However I think you misunderstand Greta's main thesis (and, personally, I think she could have been clearer): changing the subject is bad. As Wes notes, "yes I agree with this but I disagree with that" should be perfectly acceptable; the problem is when you go "yes I agree with this but ".

    ReplyDelete
  3. As for the rest, I think I tend to disagree with almost everything else you say, but I'm only going to address a single bit:

    "[he advised them to] try and engage in discussion using the shield of anonymity to prevent against unwanted harassment"

    I can't find a record of this conversation, but that's really not what I'm interested in. You see, I agree with the responses (though likely not with their presentation), and I seek to clarify the problem with the above quote.

    That women have to hide the fact that they are female (to avoid harassment) is a very significant example of mysogyny and sexism. Men don't have to hide it. If they let slip that they're male, no one cares; they don't have to worry about the possibility of a large thread of "make me a sammich bitch" and other marginalizing and ostracizing "jokes". Indeed, men don't even typically have to "reveal" that they're male because an underlying sexism of the internet is the default assumption that you are male. Why? Why should women have to intentionally and carefully avoid letting others know that they are female else face harassment solely because they are female? Why should they have to hide behind anonymity? This is wrong, and deserves to be called out, as many have done of those on that reddit post.

    On top of all that, women face the problem that the more of them that cave in to this common harassment and hide behind the veil of anonymity, the more encountering women remains a rare event of great significance and fanfare and results in (often unwanted) extra attention, all of which serves to reinforce the simple idea that females are not part of "us", they are part of the "other". Women may be wanted or unwanted, the extra attention may be positive or negative but all of it highlights that women are not a natural part of this culture, whatever "this culture" may be. This is, in part, why the "joke" "there are no women on the internet" is so insidious: it reinforces this situation where the default is male, and where females are rare events.

    The problem with the shield of anonymity idea is that women shouldn't have to. The problem with the shield of anonymity idea is that, while likely to be successful in most situations, it perpetuaties the need for the shield of anonymity. And, likely, the most relevant problem is a major problem in advising women to hide behind anonymmity in this context: it is almost definitely changing the subject, and can even be accusatory and become "yes that was awful, but she shouldn't have had the audacity to reveal that she is female." Which is indeed blaming the victim. Though again, I can't see the original.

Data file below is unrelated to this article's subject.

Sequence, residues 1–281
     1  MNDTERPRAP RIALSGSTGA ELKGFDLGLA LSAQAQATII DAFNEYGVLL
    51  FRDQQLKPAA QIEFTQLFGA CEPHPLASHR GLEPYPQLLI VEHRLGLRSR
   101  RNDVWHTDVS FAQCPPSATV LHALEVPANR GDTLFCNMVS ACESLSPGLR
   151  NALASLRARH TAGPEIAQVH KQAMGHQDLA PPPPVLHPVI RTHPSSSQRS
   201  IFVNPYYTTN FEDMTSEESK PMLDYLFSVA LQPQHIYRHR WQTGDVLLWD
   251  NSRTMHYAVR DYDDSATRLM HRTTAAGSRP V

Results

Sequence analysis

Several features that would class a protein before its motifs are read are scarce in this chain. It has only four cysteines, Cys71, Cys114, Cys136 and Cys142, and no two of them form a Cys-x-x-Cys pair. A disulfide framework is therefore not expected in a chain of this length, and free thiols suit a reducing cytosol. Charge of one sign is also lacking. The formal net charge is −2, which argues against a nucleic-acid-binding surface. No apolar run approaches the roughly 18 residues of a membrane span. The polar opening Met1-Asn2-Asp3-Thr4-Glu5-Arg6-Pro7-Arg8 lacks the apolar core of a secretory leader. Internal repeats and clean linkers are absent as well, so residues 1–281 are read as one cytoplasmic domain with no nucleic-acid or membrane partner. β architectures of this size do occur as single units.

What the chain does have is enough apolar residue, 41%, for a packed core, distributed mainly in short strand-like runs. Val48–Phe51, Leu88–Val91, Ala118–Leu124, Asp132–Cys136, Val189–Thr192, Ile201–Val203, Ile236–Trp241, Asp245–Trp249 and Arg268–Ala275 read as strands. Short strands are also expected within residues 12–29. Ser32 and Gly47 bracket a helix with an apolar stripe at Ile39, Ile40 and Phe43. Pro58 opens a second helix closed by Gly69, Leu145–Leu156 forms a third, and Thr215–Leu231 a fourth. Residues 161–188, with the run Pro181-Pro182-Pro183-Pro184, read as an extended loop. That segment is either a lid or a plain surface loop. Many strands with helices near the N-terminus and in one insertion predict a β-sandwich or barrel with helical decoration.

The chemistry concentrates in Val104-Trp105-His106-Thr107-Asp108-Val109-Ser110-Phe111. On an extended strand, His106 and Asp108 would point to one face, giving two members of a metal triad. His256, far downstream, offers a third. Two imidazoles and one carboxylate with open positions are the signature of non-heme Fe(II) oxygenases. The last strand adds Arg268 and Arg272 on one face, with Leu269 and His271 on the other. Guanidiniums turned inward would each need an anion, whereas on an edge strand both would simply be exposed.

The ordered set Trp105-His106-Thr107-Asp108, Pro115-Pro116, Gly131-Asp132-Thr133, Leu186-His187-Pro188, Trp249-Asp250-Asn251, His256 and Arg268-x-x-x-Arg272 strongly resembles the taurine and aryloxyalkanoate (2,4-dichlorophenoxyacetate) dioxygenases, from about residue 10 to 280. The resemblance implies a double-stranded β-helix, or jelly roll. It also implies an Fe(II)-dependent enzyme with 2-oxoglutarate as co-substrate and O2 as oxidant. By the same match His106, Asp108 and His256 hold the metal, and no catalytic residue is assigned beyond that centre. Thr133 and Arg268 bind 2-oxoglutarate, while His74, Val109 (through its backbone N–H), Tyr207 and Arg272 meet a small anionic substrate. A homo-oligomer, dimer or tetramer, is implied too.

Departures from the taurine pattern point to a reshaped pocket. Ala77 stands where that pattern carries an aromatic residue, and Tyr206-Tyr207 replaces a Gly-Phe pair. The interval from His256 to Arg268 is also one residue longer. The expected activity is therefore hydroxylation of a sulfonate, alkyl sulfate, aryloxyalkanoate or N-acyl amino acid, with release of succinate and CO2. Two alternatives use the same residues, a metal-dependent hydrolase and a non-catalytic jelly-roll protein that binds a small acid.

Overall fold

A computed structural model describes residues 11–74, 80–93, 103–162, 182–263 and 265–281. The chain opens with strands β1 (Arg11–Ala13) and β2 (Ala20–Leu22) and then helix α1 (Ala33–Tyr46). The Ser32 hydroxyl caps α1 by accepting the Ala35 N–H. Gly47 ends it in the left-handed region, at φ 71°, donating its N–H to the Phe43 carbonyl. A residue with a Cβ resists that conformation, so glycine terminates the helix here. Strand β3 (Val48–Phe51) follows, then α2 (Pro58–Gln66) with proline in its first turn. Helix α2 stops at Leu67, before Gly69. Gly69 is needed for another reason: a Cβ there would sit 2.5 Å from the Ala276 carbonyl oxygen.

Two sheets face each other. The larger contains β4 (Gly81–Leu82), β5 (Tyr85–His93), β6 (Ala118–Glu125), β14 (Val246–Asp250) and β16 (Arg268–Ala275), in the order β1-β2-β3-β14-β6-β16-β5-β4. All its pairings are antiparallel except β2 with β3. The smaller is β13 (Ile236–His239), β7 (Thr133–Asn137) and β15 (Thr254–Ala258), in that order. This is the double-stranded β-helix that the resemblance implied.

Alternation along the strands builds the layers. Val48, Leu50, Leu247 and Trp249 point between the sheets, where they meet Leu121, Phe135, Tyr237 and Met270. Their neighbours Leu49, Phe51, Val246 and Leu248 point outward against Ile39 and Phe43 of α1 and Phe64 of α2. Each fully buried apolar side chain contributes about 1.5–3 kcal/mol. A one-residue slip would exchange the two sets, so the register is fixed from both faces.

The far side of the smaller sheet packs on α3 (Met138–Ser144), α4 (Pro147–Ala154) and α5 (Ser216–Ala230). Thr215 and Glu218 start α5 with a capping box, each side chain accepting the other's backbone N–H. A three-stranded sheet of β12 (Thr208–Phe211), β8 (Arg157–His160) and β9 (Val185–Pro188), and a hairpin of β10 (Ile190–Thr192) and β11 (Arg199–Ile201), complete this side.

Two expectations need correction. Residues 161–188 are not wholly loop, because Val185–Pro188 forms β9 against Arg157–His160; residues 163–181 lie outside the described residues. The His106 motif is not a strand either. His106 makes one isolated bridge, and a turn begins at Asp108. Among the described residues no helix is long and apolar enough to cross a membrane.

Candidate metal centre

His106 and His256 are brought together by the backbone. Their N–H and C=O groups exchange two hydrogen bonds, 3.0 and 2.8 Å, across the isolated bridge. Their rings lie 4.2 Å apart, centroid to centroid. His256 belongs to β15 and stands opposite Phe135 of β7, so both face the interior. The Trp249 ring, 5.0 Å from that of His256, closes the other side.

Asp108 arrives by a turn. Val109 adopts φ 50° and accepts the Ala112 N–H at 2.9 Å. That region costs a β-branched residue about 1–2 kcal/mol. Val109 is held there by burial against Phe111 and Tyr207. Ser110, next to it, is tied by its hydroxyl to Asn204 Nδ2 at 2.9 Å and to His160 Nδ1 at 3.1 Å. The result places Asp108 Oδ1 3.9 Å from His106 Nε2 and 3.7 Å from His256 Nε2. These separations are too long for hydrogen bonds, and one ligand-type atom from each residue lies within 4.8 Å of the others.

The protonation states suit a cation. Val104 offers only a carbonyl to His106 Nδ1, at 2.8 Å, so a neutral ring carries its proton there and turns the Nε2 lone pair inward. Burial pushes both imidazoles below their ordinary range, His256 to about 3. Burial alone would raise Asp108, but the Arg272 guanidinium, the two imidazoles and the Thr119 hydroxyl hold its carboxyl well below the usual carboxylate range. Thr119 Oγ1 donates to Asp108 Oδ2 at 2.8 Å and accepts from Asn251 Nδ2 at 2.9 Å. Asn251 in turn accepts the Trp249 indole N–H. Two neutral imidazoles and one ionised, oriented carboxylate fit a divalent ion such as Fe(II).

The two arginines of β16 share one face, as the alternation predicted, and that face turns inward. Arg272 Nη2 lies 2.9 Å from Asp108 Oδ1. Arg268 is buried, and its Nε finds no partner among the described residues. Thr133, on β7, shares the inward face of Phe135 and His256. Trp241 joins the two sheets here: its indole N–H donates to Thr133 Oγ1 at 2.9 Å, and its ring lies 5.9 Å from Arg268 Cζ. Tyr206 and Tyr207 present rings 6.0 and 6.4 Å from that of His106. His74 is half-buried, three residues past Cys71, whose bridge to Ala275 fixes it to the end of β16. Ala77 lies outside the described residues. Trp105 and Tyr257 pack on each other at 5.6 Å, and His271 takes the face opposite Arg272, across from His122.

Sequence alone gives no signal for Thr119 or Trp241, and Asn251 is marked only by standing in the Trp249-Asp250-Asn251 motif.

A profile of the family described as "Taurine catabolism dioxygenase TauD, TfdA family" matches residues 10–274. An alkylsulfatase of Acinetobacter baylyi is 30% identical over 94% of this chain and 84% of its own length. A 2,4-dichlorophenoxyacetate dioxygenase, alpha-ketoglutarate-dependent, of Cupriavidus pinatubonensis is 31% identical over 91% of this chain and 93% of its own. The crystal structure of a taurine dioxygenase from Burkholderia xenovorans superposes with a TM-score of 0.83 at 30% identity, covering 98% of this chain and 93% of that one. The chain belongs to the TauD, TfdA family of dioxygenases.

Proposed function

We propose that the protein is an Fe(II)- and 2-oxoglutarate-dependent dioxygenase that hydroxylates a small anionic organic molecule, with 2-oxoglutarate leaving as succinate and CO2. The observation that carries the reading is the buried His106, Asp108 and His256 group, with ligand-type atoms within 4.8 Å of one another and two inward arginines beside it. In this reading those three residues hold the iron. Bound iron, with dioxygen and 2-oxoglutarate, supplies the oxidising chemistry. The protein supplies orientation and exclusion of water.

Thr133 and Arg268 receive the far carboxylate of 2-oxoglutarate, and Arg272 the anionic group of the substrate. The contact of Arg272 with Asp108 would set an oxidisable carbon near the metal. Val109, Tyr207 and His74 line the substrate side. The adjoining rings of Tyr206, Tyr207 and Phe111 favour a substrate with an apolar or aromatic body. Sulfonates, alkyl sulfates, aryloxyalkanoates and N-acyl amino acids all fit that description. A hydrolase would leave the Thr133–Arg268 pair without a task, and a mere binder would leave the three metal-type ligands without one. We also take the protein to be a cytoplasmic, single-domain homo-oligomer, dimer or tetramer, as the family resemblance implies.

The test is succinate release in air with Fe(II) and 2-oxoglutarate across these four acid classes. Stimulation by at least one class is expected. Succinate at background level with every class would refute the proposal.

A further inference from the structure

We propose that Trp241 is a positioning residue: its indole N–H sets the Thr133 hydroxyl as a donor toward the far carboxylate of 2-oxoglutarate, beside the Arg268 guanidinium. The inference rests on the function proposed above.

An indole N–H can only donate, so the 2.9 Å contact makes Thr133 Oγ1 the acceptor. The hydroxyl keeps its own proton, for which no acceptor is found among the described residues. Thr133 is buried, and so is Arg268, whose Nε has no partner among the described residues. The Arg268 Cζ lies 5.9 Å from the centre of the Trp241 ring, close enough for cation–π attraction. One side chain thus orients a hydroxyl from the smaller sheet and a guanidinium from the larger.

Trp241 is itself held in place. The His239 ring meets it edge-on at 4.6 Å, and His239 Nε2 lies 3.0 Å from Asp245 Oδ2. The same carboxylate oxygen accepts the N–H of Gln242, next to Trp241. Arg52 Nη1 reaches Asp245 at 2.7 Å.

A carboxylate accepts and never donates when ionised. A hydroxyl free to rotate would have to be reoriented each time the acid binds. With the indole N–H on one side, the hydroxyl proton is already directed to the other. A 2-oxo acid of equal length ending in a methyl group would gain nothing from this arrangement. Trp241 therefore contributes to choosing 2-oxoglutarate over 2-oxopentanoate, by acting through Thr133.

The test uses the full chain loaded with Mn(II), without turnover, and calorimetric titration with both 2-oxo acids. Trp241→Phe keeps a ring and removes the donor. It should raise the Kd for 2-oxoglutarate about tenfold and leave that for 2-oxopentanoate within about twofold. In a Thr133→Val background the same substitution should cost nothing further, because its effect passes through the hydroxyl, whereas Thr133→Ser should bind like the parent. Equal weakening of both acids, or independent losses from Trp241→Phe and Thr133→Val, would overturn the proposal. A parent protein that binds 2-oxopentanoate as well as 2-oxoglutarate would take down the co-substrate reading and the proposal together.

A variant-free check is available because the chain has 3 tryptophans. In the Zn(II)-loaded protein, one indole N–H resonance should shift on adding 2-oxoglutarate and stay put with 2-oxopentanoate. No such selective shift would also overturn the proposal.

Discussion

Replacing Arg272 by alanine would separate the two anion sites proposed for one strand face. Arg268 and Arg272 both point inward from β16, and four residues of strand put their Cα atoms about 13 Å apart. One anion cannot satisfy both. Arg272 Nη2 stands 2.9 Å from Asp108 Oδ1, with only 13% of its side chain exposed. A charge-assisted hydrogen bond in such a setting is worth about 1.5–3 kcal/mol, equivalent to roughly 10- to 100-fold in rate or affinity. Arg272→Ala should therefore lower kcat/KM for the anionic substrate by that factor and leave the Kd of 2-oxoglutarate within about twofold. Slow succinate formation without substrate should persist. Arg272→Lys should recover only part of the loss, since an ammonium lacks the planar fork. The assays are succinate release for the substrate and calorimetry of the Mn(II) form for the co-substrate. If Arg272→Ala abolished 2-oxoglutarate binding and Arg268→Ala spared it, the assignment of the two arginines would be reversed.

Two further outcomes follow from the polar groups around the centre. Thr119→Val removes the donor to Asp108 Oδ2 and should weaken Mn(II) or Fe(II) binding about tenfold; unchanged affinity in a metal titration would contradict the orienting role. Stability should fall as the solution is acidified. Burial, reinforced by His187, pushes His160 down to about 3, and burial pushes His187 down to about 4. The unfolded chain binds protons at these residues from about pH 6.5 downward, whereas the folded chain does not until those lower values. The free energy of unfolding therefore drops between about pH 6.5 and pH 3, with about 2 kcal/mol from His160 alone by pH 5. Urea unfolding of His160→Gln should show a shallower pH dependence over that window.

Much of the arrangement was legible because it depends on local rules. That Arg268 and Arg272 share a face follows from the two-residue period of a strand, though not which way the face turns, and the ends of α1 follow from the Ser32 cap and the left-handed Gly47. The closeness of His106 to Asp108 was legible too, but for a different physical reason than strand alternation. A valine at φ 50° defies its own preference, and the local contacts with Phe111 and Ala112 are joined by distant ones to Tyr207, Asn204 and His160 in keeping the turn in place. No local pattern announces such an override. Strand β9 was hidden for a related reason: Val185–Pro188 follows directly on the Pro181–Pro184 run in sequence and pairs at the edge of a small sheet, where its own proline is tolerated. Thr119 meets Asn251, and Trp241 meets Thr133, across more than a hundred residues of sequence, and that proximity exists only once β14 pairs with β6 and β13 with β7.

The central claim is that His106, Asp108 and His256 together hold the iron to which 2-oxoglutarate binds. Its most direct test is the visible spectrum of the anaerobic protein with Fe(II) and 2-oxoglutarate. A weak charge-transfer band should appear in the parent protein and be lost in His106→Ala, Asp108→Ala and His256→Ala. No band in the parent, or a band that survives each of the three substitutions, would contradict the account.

As far as "electronic burka", it's simply an extension of the idea that the women need to hide themselves from men, because the men can't help themselves. In the case of real burkas, the typical argument is that women need to hide their bodies from men because men can't help but rape them if they don't. In the case of the "e-burka", the concept is that women must hide they are women on the internet, otherwise men can't help but give them tons of attention, often in the form of harassment (usually verbal or written sexual harassment) (even to the point of talking about anally raping them*, or even rape threats).

    *which I'll note is another place I disagree with Greta. She sees it all as a threat, and I don't see it that way. I see it as a shitty "joke", and while I fully recognize the evils of mysogynistic "jokes" (namely that of expressing a nasty belief by using the excuse "it was just a joke, it wasn't serious"), I think it unfair to characterize an instance of those as a threat, and I think it is definitely reading things into it that are not actually there.

    Holy shit that ended up long. I am really bad at being concise.

    ReplyDelete
  4. The problem: a significant portion of men enjoy acting like abusive jerks toward women. Because it's easy, and because they know guys will laugh and support their rights to act like abusive jerks...and because they know their words are hurtful to women.

    Telling women to hide their identities contributes to the problem.

    Telling women to suck it up and deal because 'boys will be boys' contributes to the problem.

    Telling women that men can't be held responsible for their words contributes to the problem.

    Telling women that we can hold men accountable for hate speech based on race or sexual orientation but not hate speech based on gender contributes to the problem.

    When 1 in 5 women are rape victims, telling them that men making jokes about raping them is 'free speech' contributes to the problem. How many men go around joking about lynching black people before they get a vicious public backlash? Why is it socially acceptable for men to use threatening language toward women?

    Telling men to stop acting like abusive jerks helps solve the problem...but apparently it's too much effort *not* to say horribly degrading things? Who knew it takes less effort to type out reams of threatening BS than to not type anything at all...

    If you don't want to be treated like an abusive jerk, don't act like one...and don't enable others to get away with acting in an abusive fashion. Telling women to deal with abusive treatment that no other group has to cope with is misogyny.

    Well done.

    ReplyDelete
  5. Oops, part of my response was considered html and stripped. The last line in my first comment should read:

    As Wes notes, "yes I agree with this but I disagree with that" should be perfectly acceptable; the problem is when you go "yes I agree with this but [insert change of subject to another topic that is at best tangentially relevant]".

    ReplyDelete